“It’s all right, mon cher. I love you. I’m not letting you go.”
That is the end of our lesson, today. If you are interested in learning more on the subject, click the link provided above (just below the gallery of cover images) to find the books in the DSP Publications store.
I thank Anne Barwell, Kristopher, and Michel for the privilege of treating the serious story of one of the world’s most painful times with a bit of irreverence. Truthfully, the heroes in this story are a reflection of all the real life heroes on every side of that war and every other, especially the quiet ones not lauded in headlines. They all deserve our gratitude, and I take no such service or sacrifice lightly.
Now I’ve done a few monthly blog posts I’m starting to run out of topics. If anyone has any ideas for future topics you’d like to share, I’d love to hear from you!
A big thanks to SJ Himes for today’s topic – a writer’s slice of life. I went for the title because it’s a question I often get asked, or a variation on that being ‘when do you have time to read?’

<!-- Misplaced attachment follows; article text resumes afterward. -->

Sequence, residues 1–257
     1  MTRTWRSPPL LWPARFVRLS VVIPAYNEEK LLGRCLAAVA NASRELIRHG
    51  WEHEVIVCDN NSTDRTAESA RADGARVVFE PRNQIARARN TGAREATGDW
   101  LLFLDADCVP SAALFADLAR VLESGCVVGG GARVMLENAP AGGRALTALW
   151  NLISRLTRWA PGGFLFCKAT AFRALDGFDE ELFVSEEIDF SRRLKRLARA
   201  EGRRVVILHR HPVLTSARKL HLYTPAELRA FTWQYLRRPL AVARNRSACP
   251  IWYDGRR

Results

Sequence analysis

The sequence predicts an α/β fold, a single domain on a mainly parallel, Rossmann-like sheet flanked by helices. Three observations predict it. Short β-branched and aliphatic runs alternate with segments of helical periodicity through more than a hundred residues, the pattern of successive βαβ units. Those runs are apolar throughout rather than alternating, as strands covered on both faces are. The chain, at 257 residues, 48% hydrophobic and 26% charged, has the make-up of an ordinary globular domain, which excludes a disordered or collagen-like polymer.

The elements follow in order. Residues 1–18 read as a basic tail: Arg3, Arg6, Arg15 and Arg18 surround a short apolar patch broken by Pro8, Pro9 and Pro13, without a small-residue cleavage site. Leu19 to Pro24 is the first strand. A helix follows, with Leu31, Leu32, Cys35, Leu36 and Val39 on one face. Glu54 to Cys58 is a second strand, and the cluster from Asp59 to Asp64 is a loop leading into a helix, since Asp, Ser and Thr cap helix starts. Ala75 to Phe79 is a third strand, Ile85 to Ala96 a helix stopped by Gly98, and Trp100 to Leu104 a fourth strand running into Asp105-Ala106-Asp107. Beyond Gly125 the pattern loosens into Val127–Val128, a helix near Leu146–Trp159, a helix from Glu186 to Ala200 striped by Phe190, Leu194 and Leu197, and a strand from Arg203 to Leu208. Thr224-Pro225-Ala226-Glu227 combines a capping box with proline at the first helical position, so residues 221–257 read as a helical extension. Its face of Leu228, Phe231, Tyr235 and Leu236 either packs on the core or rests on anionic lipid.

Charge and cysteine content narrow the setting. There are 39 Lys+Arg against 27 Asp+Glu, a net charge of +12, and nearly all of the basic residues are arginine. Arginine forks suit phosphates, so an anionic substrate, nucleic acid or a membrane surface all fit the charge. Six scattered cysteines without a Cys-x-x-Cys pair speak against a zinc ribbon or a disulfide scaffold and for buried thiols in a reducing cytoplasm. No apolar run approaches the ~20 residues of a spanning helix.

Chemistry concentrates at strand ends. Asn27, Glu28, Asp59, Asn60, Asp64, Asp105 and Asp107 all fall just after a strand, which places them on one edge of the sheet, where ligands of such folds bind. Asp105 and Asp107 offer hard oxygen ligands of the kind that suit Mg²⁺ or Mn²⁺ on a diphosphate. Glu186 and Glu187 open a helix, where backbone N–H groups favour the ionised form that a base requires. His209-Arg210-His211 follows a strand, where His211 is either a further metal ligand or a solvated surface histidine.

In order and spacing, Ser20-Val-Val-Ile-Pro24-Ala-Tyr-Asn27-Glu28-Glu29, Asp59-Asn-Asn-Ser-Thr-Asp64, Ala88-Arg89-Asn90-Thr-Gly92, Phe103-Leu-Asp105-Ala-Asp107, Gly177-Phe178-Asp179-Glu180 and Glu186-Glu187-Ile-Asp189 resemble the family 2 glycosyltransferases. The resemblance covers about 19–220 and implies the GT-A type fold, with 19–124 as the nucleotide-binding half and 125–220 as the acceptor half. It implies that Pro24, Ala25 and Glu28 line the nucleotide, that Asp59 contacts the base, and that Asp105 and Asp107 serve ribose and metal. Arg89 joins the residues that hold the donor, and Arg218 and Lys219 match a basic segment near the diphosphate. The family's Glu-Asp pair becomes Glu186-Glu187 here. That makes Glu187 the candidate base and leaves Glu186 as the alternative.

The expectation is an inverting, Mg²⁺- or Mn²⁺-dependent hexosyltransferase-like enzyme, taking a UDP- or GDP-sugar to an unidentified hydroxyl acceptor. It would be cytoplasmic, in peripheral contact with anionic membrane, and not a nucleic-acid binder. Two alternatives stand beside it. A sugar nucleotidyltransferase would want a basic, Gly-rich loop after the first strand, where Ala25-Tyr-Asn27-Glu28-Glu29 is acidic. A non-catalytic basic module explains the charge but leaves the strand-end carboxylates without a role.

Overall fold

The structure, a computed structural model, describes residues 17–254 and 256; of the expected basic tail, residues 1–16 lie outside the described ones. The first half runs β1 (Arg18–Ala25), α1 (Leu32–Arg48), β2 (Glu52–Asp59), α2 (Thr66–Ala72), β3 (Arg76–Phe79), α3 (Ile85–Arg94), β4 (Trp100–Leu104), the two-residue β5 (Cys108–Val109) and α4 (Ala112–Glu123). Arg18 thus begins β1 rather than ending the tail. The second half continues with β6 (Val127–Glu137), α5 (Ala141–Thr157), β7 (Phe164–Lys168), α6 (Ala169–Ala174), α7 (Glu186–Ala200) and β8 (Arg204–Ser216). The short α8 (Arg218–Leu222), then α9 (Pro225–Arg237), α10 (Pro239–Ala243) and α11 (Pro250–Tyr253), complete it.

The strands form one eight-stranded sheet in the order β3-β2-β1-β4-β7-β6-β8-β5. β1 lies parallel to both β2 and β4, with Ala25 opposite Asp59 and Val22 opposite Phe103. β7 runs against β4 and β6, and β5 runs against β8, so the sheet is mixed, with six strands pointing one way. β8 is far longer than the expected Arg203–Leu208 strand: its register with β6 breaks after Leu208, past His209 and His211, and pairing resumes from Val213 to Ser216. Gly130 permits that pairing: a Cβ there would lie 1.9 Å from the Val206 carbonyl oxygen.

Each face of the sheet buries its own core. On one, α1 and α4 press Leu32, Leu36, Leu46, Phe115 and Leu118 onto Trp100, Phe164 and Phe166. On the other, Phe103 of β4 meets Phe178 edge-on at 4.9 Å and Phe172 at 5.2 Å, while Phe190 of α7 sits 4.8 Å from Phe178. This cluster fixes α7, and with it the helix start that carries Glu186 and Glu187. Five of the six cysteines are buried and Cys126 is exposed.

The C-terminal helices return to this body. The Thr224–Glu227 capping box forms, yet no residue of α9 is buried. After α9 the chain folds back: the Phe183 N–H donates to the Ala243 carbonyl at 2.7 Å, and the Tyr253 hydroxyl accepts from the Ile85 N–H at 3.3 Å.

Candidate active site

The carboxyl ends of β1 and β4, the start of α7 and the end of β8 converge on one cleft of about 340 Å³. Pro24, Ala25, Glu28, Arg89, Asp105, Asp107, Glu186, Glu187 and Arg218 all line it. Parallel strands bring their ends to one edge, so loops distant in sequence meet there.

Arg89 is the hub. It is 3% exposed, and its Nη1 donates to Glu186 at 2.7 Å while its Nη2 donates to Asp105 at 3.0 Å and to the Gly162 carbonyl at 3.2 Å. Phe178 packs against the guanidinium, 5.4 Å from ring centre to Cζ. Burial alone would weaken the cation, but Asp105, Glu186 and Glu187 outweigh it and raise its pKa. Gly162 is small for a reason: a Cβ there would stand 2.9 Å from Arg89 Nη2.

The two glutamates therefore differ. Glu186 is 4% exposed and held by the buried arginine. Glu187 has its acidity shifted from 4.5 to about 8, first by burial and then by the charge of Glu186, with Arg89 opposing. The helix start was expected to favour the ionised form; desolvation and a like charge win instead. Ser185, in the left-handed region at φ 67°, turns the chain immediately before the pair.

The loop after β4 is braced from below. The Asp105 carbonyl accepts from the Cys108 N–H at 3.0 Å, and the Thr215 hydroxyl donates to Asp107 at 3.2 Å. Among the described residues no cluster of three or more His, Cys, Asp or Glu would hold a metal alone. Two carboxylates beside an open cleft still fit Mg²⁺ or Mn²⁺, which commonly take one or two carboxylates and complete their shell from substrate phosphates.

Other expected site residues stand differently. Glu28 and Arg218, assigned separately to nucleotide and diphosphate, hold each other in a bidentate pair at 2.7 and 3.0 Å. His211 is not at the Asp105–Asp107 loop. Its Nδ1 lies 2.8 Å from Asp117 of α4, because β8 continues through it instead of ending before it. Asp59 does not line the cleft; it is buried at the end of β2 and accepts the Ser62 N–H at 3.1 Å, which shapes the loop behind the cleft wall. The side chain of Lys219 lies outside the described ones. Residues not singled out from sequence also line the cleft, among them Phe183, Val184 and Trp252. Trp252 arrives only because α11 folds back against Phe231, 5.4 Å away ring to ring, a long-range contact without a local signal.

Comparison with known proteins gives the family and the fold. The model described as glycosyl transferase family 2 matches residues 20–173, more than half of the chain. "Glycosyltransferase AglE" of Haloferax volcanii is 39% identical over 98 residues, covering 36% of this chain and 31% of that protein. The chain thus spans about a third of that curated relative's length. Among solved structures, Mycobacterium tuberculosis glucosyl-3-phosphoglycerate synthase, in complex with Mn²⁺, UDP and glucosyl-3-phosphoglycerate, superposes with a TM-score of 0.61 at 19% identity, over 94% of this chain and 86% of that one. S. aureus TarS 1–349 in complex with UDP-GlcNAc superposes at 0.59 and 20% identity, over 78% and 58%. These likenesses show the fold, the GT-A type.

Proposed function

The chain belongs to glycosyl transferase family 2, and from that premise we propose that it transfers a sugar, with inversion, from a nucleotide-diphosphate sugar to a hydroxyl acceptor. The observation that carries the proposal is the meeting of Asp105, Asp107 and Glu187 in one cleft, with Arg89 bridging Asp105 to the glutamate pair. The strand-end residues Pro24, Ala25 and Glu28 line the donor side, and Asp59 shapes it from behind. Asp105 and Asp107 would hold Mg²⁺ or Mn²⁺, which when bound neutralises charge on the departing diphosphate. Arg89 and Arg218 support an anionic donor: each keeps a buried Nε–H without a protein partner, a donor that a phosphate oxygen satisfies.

Because I work full time, as well as writing, and have family commitments, I tend to live on a fairly tight schedule or I’d get nothing done. In saying that, though, despite making plans I do need to be flexible and be prepared to throw everything I’ve planned to the wind. Family emergencies happen far too often, especially of late, and also sometimes I start my weekend and realise I need to walk away from everything I’d planned to do for a while just to keep what’s left of my state of mind.
I’d love to know how others manage their work/writing life, while ensuring they still get some time out.
I figure I’d outline a typical weekday, and then contrast with my weekend.
I work fulltime in a public library, so it’s a busy job and quite physical. I figure I’m about the only one on staff who loves working afternoons/late night and weekends! Many people shift onto weekdays and a regular 8.30 till 5pm as soon as they can. However, with trying to juggle writing—and everything attached to it—afternoons and evenings work well for me. As I don’t start work till 12.15 four days a week, it means I can set an alarm in the morning and get a couple of hours writing related work done beforehand. I usually get home around 9 onwards at night so that gives me time to check emails, post blog tour stuff, and then relax with an episode of a TV show, before reading in bed and turning my light out about midnight.